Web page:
“Where do you come up with your ideas?”

Wow. Good question, to be sure. Back when I first toyed around with the idea of doing serious writing, I asked what publishers are looking for.

Yeah, not so good of a question. I’m not sure which was truly worse: my question or the generic answer. I was told publishers are looking for…wait for it…a good story.

Thank you, Captain Obvious.

But what defines a great story? Is it the characters, the plot, both? And is that all? And let’s not forget this one very important question. Who purposefully sets out to write a really BAAAAAAD story? Now, I’m not talking about writing a tale where the bad guys win, or the hero dies at the end and the readers end up with a really ugly cry. Everyone has a different idea of good or bad, but could you give just a little more advice than that?

Armed with my meager directions, I set about wording. Yes, I do use it as a verb. It is an action; it takes energy and sometimes, an act of God to make it real. I closed my eyes and waited for that spark to kick my muse into gear.

So where do the seed ideas begin? Personally, I was always the kid that wanted to know what happened after the happily ever after. Were they still happy five years and two kids later? “And then what?” My favorite words as a child, ranking up there with the other important big, little word: why. I asked about the character that opened a door and left the scene. Did they do something cool? Was someone waiting for them? From these curiosities, I began to create my own stories.

I have always been a voracious reader and good at thinking on my feet. Combine that with an overactive imagination, and soon, I was starring in whatever book I was reading. I traveled with the Fellowship to the gates of Mordor and I fought the Bugs with Mobile Infantry on Klendathu. I loved pretending how I would deal with all the trials and tribulations as they unfolded between the pages. What would my schedule look like at Hogwarts? Would I trust Snape? And of course, can I ride a dragon?

With all these crazy adventures swimming in my head, I was stunned to have a gentlemanly hero step up when I took to pen my first novel. Not a vampire, not an elf. No misunderstood bad boy here. Nope, when Malakai Vadim reached out to save our troubled heroine, he arrived draped in Armani and Old World manners. In that moment, the Guardians were born. Heroes from ancient battlefields fighting for humanity and free will. I decided they needed more than just to be good with a sword, so they were imbued with powers and abilities. In a word: magic. They could read minds and move at great speeds with nothing more than a thought. And they needed a dangerous foe; manipulative agents driven by chaos and destruction. Enter the Rogue Warriors; minds twisted by the idea that change, violent and explosive, was the best way for humans to grow and evolve.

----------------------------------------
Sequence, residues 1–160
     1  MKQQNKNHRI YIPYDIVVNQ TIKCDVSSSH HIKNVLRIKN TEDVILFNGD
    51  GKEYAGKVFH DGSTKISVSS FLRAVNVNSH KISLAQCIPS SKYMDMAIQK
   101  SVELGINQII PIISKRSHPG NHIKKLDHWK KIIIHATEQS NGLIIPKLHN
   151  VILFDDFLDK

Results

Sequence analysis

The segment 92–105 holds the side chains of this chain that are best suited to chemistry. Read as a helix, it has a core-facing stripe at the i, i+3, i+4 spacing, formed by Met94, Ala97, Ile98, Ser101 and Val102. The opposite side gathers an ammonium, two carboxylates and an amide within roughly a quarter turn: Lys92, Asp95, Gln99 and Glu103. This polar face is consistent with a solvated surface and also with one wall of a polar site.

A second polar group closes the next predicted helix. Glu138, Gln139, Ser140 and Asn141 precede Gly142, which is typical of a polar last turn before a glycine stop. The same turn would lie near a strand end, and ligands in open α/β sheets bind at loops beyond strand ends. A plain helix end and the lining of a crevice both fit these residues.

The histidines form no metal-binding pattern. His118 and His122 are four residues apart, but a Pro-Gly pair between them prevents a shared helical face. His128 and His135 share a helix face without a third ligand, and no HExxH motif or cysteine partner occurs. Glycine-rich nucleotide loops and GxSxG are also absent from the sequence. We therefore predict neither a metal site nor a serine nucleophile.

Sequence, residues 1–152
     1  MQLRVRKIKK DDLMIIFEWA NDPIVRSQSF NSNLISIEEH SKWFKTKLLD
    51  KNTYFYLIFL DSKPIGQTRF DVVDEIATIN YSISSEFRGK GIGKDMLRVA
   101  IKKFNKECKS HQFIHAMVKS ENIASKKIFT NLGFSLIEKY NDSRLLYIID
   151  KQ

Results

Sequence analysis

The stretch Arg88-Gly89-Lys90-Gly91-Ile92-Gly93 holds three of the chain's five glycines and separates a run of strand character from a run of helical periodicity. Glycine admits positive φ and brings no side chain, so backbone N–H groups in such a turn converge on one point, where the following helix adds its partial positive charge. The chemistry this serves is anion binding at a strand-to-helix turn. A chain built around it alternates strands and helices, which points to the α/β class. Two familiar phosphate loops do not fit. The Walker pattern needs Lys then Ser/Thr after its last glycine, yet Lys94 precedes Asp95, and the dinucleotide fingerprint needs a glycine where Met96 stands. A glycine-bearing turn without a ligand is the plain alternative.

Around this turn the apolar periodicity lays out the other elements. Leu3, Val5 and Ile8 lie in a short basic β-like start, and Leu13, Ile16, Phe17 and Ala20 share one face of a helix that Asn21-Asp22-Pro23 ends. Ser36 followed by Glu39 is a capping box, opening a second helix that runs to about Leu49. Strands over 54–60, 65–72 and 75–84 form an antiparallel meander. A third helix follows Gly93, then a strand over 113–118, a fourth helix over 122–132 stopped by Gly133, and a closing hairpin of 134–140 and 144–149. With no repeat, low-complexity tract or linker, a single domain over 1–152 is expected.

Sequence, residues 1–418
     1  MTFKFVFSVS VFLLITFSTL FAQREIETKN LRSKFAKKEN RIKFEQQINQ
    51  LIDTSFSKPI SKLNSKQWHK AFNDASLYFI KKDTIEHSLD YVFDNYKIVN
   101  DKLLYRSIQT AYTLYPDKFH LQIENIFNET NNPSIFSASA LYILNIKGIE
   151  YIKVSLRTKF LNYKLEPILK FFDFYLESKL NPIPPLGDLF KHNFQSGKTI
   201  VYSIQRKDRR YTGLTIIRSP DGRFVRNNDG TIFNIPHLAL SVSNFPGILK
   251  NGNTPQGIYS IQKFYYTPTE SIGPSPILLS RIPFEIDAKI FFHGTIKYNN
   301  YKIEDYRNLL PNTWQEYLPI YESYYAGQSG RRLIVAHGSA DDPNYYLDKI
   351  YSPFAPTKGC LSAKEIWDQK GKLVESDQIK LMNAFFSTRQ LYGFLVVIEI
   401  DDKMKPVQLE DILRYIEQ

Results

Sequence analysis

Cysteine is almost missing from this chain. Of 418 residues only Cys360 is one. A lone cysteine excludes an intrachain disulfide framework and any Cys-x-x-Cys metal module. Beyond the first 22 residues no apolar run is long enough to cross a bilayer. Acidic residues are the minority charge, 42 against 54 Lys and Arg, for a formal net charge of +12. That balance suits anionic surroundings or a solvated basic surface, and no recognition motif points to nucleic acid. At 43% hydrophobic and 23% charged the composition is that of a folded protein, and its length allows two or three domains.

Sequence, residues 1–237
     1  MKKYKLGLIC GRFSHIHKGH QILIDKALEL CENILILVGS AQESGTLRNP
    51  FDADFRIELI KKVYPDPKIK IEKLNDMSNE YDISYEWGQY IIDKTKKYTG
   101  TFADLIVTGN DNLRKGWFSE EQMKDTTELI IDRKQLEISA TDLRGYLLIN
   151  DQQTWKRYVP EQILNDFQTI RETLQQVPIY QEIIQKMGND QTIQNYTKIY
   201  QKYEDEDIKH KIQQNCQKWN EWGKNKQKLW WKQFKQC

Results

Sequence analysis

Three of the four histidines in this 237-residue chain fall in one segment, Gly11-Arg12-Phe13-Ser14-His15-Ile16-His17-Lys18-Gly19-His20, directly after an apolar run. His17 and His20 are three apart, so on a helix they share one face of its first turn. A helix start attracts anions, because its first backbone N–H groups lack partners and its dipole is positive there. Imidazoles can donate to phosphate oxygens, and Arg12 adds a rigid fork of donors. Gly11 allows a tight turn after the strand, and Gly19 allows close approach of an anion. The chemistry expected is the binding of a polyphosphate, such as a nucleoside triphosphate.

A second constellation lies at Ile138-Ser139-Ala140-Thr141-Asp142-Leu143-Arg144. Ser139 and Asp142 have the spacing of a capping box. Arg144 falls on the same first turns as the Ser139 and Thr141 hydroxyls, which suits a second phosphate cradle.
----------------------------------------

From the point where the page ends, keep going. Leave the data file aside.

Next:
Now to create a new magic system. It’s not as easy as it seems. So many authors and great minds before me have interpreted how the mystical can affect the physical. Therefore, the challenge was to put my own spin on things. With this concept in mind, I came up with three different directions. After all, we are all made up of physical, mental, and emotional parts. Riding on that wave, I created the Triumverate; Marshals, who could control or influence the physical body; Conduits, who could control or influence the mind; and Channelers, who could control or influence the emotions. Both the good guys and the bad guys, as well as Joe Q. Public walking down the street, could be one of these gifted individuals.

The more I thought about this, the more I realized I could give my world an anchor in history. (Yes, I’ve thought long and hard on this idea.) Here are some possible examples: charismatic orators who have swayed the populace could have been Channelers. For instance, John F. Kennedy could have been a Channeler guided by the Guardians, whereas Hitler would have been a pawn of the Rogues. Got you thinking now, don’t I? Strong generals who lead troops into victorious battles? Yup, Marshalls. Was George Washington supported by the hand of a Guardian, while Napoleon fell under the influence of a Rogue? Einstein and Hawking could absolutely be seen as Conduits, their brilliance guiding the minds of others.

It was great fun to explore these concepts. And once I turned my mind to writing science fiction, now I had the complete freedom to let my “what if’s” and “what happened next’s” run riot. The entire galaxy was open to interpretation, and I am loving the vast opportunities found in breaking every rule. Sometimes, trying to rein in my rampaging imagination can be difficult. Thank the gods for notebooks and blank word documents a plenty. Because, who knows when the next good story idea might pop into mind?